A cloud-free view from space as acquired by the Suomi National Polar-orbiting Partnership Satellite (Suomi NPP). Over nine days in April and thirteen days in October 2012, it took 312 satellite orbits and 2.5 terabytes of data to get a clear shot of every parcel of land surface.
For roughly a year, NASA has been using a satellite with a technology sensitive enough to detect and capture a picture of the light coming from a single ship at sea or a lone light on the highway. The Suomi National Polar-Orbiting Partnership Satellite employs a day-night band sensor that can analyze and adjust the amount of light in individual pixels and then put them together to create one sharp, stunning image of the earth at night. "Unlike a camera that captures a picture in one exposure, the day-night band produces an image by repeatedly scanning a scene and resolving it as millions of individual pixels," NASA said in a press release. "Then, the day-night band reviews the amount of light in each pixel. If it is very bright, a low-gain mode prevents the pixel from oversaturating. If the pixel is very dark, the signal is amplified."
The United States at Night. Photo: NASA Earth Observatory/NOAA NGDC
It's not just that the NPP sensor is sensitive enough to detect artificial lights. It can also capture the light created by auroras or moonlight reflected in the earth's atmosphere, gas flares, and forest fires. Experts have already employed the satellite's images for a number of practical reasons. They used them to study Hurricane Sandy's moonlit-illuminated landfall in New Jersey on October 29, the power outages that resulted along the coasts of New York and New Jersey after the storm, the movement of forest fires at night in Siberia, and NOAA's Weather Service used the images to detect fog rolling into San Francisco Bay on November 26—which led to flight delays and cancellations.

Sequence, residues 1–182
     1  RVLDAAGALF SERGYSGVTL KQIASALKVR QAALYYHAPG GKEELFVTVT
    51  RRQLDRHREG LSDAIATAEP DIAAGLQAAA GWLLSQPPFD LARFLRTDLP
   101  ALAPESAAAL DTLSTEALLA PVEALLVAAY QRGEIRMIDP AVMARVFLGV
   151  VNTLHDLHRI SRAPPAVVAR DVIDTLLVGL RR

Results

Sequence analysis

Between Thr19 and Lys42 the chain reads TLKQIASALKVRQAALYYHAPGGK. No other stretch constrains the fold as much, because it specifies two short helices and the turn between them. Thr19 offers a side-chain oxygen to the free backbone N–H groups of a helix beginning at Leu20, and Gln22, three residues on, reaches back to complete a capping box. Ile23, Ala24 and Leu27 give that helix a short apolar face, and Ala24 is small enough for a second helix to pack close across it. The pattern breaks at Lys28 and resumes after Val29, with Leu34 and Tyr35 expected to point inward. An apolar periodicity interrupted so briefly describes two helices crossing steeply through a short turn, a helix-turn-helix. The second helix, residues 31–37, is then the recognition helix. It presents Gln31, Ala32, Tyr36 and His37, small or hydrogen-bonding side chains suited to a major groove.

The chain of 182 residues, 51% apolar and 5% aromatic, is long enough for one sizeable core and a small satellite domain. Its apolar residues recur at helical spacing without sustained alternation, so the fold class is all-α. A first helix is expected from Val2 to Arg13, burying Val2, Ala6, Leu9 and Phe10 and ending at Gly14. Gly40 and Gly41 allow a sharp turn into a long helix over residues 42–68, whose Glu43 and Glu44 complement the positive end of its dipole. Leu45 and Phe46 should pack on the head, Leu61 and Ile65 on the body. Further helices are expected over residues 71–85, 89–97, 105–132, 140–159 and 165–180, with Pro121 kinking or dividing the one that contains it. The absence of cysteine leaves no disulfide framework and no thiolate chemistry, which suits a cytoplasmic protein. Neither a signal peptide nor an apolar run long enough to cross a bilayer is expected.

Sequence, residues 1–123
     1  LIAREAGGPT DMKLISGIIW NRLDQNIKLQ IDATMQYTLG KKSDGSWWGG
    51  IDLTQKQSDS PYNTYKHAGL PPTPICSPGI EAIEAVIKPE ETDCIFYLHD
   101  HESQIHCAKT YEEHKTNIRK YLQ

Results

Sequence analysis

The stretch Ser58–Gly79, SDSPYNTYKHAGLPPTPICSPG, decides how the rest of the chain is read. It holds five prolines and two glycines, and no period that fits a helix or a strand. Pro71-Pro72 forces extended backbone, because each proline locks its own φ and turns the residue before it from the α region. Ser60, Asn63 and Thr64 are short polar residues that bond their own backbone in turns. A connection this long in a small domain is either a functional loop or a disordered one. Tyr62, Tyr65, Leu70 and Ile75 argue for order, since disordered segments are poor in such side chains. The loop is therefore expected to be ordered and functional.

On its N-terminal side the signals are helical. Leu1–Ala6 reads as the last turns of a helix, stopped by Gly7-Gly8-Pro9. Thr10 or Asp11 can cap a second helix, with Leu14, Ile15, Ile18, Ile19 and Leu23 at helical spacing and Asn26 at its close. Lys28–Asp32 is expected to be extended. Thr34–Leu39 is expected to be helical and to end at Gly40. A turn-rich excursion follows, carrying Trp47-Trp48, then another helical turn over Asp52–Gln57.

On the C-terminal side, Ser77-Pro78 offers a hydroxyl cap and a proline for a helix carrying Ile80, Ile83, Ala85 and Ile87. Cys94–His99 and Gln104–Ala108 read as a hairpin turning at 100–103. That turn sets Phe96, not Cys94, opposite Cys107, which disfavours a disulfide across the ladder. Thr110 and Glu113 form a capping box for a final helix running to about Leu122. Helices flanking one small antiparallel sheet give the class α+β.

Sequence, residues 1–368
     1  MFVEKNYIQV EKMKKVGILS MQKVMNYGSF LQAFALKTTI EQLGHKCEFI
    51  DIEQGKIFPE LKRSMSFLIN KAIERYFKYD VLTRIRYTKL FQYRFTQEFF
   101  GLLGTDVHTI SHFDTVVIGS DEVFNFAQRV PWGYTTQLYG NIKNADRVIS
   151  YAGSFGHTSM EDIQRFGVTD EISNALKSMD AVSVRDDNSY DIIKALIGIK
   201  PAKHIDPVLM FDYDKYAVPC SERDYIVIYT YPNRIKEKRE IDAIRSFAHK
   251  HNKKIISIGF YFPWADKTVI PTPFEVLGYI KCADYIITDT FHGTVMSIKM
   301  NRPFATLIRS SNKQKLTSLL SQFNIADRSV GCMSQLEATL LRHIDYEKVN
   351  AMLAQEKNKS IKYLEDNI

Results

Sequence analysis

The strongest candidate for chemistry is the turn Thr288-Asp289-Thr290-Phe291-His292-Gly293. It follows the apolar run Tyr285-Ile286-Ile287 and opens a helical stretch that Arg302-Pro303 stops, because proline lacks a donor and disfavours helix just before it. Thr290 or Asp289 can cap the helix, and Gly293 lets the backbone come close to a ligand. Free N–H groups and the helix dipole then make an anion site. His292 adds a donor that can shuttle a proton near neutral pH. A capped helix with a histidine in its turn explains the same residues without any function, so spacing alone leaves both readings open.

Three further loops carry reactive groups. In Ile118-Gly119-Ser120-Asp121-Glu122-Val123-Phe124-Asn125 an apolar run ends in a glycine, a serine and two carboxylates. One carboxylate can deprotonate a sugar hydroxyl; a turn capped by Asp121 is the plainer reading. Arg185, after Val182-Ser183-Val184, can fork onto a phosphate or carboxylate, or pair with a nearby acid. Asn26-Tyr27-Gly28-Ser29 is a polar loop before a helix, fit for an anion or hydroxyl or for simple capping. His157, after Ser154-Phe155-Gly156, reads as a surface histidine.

Nile River Delta. Photo: NASA Earth Observatory/NOAA NGDC
Scientists have been viewing and studying images of the earth at night from space for roughly four decades, but the new technology allows them to capture images with a six-times better spatial resolution and 250-times better light resolution than anything used before. They also have easier and faster access to images of the earth at night because the satellite is part of a civilian science satellite—they can see results in minutes or hours.
Forest fires in Siberia. Photo: NASA Earth Obsevatory/NOAA NGDC
"The night is nowhere near as dark as most of us think. In fact, the earth is never really dark," says Steven Miller, an atmospheric scientist at Colorado State University. "And we don’t have to be in the dark about what is happening at night anymore either."